One trucker issued a stark warning over Biden’s new Environmental Protection Agency (EPA) restrictions, warning the repercussions could cripple the American food supply and completely derail the nation’s supply chain.
JKC Trucking co-owner Mike Kucharski addressed his frustration surrounding the regulations during “Fox & Friends” on Friday, explaining that the green energy push comes at a time when the industry is already battling surmounting red tape.
“This mandate that they’re proposing is based on brand-new technology, and I just want to say I support green energy, but it’s extremely frustrating they’re trying to jam this down truckers’ throats because we’re already overregulated,” Kucharski told Steve Doocy.
“These regulations are not practical and almost impossible for five reasons,” he continued. “The costs are astronomical. Truckers will not be able to afford these things… These new machines, infrastructure, we’re not ready for that. Testing data is slim to none. It’s being done right now. Driving range is way less than we currently have, and it’s going to have… less payload… and then the worst part is the American people are going to pay for all these new trucks.”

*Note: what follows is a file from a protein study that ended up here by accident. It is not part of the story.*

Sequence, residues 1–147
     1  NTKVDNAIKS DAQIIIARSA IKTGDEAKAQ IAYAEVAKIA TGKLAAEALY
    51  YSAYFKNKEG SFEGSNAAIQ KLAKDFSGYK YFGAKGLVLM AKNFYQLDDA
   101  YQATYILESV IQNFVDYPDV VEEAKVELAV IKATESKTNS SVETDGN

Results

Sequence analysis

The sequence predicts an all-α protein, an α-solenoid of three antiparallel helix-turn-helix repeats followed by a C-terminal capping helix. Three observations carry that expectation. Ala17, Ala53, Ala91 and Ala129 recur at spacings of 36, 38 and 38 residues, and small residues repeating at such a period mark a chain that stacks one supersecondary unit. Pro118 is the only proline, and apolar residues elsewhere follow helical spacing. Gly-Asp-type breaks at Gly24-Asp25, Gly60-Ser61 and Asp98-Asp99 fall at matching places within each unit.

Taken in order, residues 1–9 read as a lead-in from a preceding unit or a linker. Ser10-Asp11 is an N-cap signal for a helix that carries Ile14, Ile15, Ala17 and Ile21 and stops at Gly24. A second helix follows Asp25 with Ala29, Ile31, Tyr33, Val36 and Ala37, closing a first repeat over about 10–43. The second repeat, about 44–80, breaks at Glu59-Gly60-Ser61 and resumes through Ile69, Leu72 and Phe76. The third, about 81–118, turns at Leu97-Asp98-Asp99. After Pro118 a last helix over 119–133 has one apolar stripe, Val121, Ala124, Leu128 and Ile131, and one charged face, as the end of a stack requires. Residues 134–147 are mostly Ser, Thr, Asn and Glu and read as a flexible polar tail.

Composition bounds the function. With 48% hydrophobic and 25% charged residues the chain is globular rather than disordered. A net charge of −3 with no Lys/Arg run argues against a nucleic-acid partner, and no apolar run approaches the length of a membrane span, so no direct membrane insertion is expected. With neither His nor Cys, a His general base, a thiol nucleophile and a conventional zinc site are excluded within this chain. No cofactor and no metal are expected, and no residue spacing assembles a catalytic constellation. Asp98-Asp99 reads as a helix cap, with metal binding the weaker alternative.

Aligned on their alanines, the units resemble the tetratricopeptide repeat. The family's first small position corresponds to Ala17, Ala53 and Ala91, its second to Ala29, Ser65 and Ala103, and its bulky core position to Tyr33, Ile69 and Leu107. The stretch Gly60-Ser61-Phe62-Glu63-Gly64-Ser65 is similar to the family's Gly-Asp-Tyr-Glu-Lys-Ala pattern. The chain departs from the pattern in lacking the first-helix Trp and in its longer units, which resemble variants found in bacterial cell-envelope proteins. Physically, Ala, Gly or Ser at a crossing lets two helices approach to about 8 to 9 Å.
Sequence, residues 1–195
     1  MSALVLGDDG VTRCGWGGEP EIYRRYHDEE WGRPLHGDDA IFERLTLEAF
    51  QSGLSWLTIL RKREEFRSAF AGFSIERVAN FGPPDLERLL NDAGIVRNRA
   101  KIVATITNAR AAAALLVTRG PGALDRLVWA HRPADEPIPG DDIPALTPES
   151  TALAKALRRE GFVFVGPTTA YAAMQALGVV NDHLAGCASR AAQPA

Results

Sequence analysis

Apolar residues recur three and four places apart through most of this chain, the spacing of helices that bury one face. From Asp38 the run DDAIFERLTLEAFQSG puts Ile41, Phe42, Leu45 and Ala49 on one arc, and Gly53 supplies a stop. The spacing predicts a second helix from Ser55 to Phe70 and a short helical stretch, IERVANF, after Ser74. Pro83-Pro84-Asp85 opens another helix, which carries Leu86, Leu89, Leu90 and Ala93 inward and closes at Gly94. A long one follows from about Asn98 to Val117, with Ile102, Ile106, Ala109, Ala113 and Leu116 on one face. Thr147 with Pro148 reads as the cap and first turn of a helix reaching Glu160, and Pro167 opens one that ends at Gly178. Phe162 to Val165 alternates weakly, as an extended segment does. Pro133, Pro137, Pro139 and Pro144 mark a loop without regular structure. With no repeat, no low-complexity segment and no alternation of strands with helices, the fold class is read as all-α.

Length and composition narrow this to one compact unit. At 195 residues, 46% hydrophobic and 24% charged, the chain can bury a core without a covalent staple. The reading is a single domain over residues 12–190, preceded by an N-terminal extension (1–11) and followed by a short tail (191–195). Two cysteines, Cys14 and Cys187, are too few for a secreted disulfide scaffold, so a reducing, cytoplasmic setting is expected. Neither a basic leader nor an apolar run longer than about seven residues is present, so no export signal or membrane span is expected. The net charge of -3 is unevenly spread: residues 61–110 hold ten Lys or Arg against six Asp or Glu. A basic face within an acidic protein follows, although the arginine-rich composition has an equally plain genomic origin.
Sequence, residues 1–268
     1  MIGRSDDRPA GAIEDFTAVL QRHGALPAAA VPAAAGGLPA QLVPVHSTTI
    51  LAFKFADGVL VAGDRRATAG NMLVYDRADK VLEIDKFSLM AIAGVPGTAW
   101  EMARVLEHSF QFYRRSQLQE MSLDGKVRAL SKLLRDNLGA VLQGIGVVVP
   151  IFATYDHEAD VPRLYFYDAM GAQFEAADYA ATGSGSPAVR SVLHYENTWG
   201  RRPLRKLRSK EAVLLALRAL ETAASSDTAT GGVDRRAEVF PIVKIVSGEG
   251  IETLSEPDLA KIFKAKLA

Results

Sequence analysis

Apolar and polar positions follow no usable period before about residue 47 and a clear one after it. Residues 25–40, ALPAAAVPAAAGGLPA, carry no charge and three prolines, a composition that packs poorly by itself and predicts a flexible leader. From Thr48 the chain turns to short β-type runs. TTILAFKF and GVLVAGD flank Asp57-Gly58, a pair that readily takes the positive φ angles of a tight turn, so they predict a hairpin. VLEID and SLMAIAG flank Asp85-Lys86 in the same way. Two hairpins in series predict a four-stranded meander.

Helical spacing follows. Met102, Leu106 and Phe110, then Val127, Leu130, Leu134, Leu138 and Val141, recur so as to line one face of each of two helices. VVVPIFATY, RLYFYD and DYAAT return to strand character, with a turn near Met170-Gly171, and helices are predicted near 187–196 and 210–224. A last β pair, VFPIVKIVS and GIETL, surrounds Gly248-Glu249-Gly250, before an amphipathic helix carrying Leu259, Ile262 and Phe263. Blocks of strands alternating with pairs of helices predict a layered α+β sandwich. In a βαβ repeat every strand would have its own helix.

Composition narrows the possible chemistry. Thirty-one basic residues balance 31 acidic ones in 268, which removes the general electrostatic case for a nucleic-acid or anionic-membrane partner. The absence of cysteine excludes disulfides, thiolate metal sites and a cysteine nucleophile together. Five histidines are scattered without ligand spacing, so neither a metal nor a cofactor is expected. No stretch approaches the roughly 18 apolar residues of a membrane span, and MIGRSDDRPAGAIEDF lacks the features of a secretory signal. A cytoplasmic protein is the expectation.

The new emission standards put forth by the EPA “are significantly more stringent,” “cover a wider range of heavy-duty engine operating conditions” compared to previous standards and are aimed at reducing emissions of nitrogen oxides and other pollutants.
The rule officially went into effect on March 27 of this year, but will be implemented for new trucks sold after 2027.
Nonetheless, Kucharski suggested the new technology has been implemented too quickly, expressing fears it could ultimately fail – which could yield a supply chain disaster.
“This technology is being passed through way too fast with little testing and data. These truckers need an affordable hybrid truck with, I would say, at least two systems of power,” Kucharski said. “If one shuts down or brakes, the other one continues.”
“I would love to see a truck with three systems, so… we could continue going because if this technology fails, the entire supply chain will be dead in the water,” he continued. “Failure is not merely inconvenient, it’s catastrophic. This is not an option, especially for the food supply chain of America.”
The EPA estimates the technology required to meet the new rule’s standards will cost between $2,568 and $8,304 per vehicle, but the American Truck Dealers Association (ATDA) estimates it is more likely a $42,000 increase per truck.
In total, the ATDA projects the associated costs of this new regulation on the country could reach $55 billion over the lifetime of the program.
Fox News reached out to the EPA for comment, but has not heard back yet.
Fox News’ Kendall Tietz contributed to this report.